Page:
T.D.K.’s Modern Take on the Boombox
Throughout its history T.D.K. has been known specifically for its range of audio equipment and accessories. This is despite manufacturing a wide range of electronic components and other non-consumer goods. Founded in 1935, the Japanese company whose name stands for Tokyo Denkikagaku Kogyo (‘Tokyo Electronics and Chemicals’) became synonymous with the cassette tapes that it started producing in 1966.
In late 2010 T.D.K. released two products in the ‘Life on Record’ audio range that took inspiration from the past with two and three speaker boomboxes that provided a modern twist on a classic. This August T.D.K. refreshed its line-up with new wireless speakers including an updated boombox capable of wireless connectivity. The A73 Wireless Boombox uses Bluetooth to hook up to a media player and features a six-hour rechargeable battery to make outdoor listening more straight forward. There is also a 3.5 millimetre auxiliary input for traditional wired connectivity.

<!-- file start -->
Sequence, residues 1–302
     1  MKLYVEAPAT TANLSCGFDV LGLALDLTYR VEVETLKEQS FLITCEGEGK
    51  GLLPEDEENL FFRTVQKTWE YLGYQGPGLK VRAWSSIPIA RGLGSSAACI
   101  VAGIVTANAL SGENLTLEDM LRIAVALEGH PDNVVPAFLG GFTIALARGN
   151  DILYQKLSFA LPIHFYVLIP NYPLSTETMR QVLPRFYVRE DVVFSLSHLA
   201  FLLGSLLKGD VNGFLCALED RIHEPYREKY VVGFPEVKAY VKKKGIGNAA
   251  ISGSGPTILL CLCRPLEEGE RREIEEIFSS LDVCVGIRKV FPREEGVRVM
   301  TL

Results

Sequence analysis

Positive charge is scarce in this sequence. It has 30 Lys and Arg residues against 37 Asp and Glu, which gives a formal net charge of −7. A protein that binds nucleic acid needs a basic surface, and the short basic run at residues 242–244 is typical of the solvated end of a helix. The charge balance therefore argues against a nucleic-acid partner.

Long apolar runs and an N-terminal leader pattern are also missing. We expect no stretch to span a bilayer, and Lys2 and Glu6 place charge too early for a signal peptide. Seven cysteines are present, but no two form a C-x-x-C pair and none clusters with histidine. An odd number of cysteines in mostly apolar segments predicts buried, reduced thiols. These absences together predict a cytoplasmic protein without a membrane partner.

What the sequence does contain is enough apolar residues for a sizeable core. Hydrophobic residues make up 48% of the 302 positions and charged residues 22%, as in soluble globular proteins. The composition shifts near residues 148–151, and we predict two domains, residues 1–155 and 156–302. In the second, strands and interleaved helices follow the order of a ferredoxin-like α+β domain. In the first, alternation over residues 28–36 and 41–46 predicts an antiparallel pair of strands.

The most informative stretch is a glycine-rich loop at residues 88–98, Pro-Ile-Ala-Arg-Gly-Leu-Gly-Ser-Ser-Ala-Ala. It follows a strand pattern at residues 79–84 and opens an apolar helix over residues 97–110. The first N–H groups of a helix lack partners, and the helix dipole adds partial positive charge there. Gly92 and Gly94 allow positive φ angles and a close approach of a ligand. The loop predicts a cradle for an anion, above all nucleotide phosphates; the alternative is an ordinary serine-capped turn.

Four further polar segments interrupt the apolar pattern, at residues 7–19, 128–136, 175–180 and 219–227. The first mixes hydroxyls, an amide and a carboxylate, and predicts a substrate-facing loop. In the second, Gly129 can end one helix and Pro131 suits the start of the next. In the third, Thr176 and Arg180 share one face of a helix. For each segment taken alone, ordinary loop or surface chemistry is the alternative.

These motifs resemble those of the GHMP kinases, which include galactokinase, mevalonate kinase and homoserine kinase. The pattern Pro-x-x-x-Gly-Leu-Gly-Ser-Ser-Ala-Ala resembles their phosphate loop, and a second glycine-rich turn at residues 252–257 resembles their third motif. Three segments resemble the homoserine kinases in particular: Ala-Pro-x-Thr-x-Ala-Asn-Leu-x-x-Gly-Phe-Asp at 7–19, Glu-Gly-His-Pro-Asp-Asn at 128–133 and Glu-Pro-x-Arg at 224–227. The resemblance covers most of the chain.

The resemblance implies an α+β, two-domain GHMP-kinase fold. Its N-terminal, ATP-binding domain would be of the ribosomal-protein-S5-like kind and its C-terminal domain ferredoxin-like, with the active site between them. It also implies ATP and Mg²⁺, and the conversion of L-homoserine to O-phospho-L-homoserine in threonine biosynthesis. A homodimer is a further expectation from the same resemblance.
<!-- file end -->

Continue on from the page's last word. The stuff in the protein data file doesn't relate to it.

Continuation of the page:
Visually the Wireless Boombox looks like a futuristic version of the retro device, with two controls (one for power and volume and one for selecting music source) and a black handle representing its portable nature. The shiny black finish with gold highlights give it a high-end appearance, as does its weighty feel. Its slim frame measures 16.5″ by 11.5″, with a depth of just four inches. Inside it utilises two drivers and two passive radiators that face forwards to provide the iconic boombox appearance. At the back is a 5.25 inch subwoofer providing the deep bass that is a must given the product’s background. By taking advantage of T.D.K.’s Signature Sound technology, playback is free from distortion and carefully replicates the music as originally intended.
The boombox is a generic name for the portable music player that was previously successful in the 1970s and 1980s. Alternatively known as a ghetto blaster, this electronic device would provide cassette and/or C.D. playback with speakers provided as part of the package. First invented by the Dutch company Philips in 1969, Japanese electronics manufacturers would quickly take over the growing industry with the likes of Sony and Panasonic dominating the market. With mobility being a key factor in the boombox’s success, the majority of models would use batteries to power the device, although often many would be needed to produce the necessary power. A number of popular musicians and groups, particularly in the hip-hop genre (such as L.L. Cool J. and the Beastie Boys), would be seen with a boombox, which only further enhanced its popularity within youth culture.